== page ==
On-line version ISSN 2411-9717
Print version ISSN 0038-223X
J. S. Afr. Inst. Min. Metall. vol.111 n.10 Johannesburg Oct. 2011
COMMENT ON PAPER
Comment on the paper: design of merensky reef crush pillar
F.S.A. de Frey
The author would like to refer to his contribution to the paper 'Design of pillar systems in South Africa' by Ozbay et al.1.
The authors agreed 'wholeheartedly that further research, together with carefully planned field trials, in pursuit of this potentially highly rewarding concept' of the small span small pillar method is warranted.
On 30 September 2010 the author went underground at the Kroondal Chrome Mine to observe how the concept of smaller spans was being applied. He was pleasantly surprised to find that the typical coal mine bord and pillar sytem was being used very successfully. Although the deepest mining was taking place at a depth of only 450 metres, Kroondal would be an ideal mine to do further research together with carefully planned field trials. At Crown Mines Gold Mine, where the author worked, he was informed that the first recorded rockburst took place at a depth of 635 metres below surface. The depth of the platinum and chrome mines is increasing, with the risk of an excalation in injuries and fatalities due to'backbreaks' and siesmic activity. The rock engineer at Kroondal was not aware of backbreaks occuring on the mine. It is important that the rock engineers of the base mineral and gold mines get together and give more serious attention to the host rock environment in which the pillars are situated.
Studying the spreadsheet of the pillar design at Kroondal it seems that the factor of safety (FOS) of 2.4 is acceptible to a depth of 800 metres below surface. The percentage extraction will, however, be diminished from 71.4 to 44.7.
After his visit to the Koondal Mine, the author studied the papers 'Merensky pillar strength formulae based on back-analysis of pillar failures at Impala Platinum' by Watson et al.2, 'Design of Merensky Reef crush pillars' by Watson et al.3, and 'Pillar design in coal mines' by Wagner4.
The author would like to share his thoughts on his findings with readers:
Watson et al.2 state, and I quote 'If a sufficiently large mining span is achieved, or the stope abuts a geological feature, a large volume of hangingwall rock can become unstable, resulting in a stope collapse, or colloquially a "backbreak". In order to prevent these backbreaks a high resistance support system is required.'
The author fails to see how the residual strength of crush pillars can provide the required support resistance to prevent backbreaks and keep the stope hangingwall stable.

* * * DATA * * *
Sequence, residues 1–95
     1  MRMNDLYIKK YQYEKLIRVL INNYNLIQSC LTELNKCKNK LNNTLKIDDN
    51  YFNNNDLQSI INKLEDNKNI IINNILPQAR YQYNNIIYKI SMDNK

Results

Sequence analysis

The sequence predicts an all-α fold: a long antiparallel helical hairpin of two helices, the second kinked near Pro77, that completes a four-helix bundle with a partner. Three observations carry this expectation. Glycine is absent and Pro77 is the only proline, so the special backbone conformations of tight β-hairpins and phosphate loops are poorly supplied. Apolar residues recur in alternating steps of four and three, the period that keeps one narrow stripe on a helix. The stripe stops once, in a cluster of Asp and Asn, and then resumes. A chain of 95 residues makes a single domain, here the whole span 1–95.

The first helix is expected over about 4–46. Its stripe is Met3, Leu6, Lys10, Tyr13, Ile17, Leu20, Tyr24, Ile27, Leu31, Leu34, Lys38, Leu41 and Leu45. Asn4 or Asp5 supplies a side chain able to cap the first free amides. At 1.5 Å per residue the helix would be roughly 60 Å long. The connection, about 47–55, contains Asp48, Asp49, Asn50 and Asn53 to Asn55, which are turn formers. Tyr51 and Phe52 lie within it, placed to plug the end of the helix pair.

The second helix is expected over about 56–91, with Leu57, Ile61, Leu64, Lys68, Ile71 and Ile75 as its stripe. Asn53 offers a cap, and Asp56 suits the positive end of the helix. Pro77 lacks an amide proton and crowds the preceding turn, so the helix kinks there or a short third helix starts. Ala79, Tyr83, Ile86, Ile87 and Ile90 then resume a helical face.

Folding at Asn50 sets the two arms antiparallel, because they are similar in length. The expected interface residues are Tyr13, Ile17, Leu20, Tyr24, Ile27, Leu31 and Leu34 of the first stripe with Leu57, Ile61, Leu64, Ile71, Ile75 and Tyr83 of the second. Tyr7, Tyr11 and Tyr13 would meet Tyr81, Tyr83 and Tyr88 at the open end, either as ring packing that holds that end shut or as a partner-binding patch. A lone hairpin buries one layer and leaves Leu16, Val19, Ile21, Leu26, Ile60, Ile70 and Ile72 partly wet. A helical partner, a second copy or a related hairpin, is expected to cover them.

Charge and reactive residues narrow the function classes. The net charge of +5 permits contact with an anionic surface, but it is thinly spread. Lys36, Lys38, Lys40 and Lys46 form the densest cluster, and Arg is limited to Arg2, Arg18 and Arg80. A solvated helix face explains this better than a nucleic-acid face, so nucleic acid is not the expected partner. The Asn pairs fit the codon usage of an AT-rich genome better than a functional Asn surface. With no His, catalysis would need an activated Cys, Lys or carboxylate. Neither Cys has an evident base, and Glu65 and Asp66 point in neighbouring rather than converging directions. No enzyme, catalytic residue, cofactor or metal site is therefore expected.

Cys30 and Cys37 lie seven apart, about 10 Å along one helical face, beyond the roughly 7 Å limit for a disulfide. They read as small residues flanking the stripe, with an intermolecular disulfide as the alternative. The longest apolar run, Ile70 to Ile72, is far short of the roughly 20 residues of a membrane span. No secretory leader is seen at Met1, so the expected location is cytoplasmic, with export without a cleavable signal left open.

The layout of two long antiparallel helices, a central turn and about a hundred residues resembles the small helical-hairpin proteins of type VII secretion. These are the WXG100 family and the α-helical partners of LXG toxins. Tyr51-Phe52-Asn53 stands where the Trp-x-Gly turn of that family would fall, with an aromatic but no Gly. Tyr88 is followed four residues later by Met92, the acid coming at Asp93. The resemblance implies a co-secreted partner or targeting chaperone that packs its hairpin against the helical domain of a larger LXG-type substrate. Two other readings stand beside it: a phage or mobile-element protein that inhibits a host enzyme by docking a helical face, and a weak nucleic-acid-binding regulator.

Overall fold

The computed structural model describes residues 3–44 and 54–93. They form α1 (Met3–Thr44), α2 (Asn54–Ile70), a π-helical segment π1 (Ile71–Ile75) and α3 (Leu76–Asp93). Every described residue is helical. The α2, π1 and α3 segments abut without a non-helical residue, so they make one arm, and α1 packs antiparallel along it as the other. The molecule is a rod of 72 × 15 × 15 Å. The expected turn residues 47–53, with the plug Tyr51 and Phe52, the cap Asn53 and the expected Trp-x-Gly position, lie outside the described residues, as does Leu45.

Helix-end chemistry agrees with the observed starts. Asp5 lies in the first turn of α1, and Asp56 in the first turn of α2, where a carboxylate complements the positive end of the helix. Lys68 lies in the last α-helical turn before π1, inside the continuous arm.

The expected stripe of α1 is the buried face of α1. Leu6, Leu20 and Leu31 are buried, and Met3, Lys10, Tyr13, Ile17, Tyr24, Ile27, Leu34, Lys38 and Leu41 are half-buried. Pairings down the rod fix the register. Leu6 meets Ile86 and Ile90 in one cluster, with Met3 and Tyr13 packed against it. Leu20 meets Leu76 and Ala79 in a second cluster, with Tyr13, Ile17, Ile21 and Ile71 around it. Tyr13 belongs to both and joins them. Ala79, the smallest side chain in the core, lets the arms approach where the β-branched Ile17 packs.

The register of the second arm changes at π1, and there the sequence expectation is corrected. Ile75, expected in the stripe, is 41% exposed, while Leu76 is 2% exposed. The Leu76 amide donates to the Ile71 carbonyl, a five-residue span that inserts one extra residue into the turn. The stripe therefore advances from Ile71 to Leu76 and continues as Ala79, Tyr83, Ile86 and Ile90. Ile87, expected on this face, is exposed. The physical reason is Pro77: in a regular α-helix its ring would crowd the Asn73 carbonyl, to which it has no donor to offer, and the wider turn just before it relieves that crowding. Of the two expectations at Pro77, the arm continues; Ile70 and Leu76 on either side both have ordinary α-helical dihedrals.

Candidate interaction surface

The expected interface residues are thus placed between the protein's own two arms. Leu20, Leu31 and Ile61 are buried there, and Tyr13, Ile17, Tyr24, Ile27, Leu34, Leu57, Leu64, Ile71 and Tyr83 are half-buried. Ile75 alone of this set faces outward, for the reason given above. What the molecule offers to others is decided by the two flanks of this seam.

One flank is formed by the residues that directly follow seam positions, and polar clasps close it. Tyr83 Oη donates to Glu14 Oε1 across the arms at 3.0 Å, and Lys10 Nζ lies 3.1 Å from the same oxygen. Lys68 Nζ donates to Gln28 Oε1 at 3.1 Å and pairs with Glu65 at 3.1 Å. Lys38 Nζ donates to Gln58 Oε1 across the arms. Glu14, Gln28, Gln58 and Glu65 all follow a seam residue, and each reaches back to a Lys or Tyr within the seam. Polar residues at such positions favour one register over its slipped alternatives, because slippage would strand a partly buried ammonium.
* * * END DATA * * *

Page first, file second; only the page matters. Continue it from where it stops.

The crush pillar
A crushed pillar will have the following characteristics:
Fragmented material with limited resistance to closure
Negligible vertical or lateral cohesion in the pillar as well as its surrounding region
No shock absorbtion ability to transfer shockwaves vertically or laterally
Increased vertical and lateral stresses in the hangingwall and footwall
Diminished ability to form stable beams between crushed pillars
Failure to assist in maintaining equilibrium by the inability to distribute strains and stresses, especially tensile stresses, equally amongst the pillars and their host rock
Weak clamping effect between pillars, especially where geological disturbances are present in the pillars as well as the bords.
The squat pillar
The squat pillar will support the following conditions:
Solid pillar material will connect hangingwall and footwall beams vertically as well as horizontally
The arching effect from pillar to pillar allows better absorption and distribution of shock waves caused by seismic events
Squat pillars allow the closure of the stoped area to be managed and minimized
Minimizing closure diminishes vertical and lateral strains and improves the ability to form stable beams in the pillar, hangingwall, and footwall. This assists the maintenance of the equilibrium in the regional host rock.
The support and cohesion in areas where geological disturbances are prevalent is also improved. Horizontal confinement of beams between pillars is improved.
A squat pillar should never fail! This is achieved in the following manner:
1 Assess the weakest material in the pillar as well as the host rock immediately in the hangingwall and footwall so as to be able to estimate/calculate the possibility of punching
2 Using the above information and considering the vertical and lateral stresses, calculate the maximum span that the material can carry as a beam without failing
3 Taking the stoping width and width to height ratio, together with the depth below surface of the squat pillar into consideration, calculate the minimum measurement of the length and width of the pillar.